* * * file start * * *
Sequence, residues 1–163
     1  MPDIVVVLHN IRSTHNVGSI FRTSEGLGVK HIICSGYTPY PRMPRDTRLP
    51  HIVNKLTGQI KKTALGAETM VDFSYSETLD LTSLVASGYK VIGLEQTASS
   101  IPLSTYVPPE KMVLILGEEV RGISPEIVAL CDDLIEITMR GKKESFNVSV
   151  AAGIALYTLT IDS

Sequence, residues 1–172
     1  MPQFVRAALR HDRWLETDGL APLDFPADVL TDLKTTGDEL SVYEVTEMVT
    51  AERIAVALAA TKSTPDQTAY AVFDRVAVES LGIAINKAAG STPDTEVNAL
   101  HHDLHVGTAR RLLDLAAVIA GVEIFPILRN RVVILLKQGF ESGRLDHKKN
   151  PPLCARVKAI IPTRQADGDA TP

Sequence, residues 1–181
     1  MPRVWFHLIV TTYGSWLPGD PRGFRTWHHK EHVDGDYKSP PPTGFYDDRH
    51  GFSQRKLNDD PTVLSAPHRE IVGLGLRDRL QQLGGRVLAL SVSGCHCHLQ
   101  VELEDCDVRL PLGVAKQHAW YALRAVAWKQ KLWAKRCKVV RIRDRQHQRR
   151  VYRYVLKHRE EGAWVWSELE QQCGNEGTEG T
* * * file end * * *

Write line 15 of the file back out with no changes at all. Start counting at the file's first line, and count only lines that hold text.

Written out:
   151  VYRYVLKHRE EGAWVWSELE QQCGNEGTEG T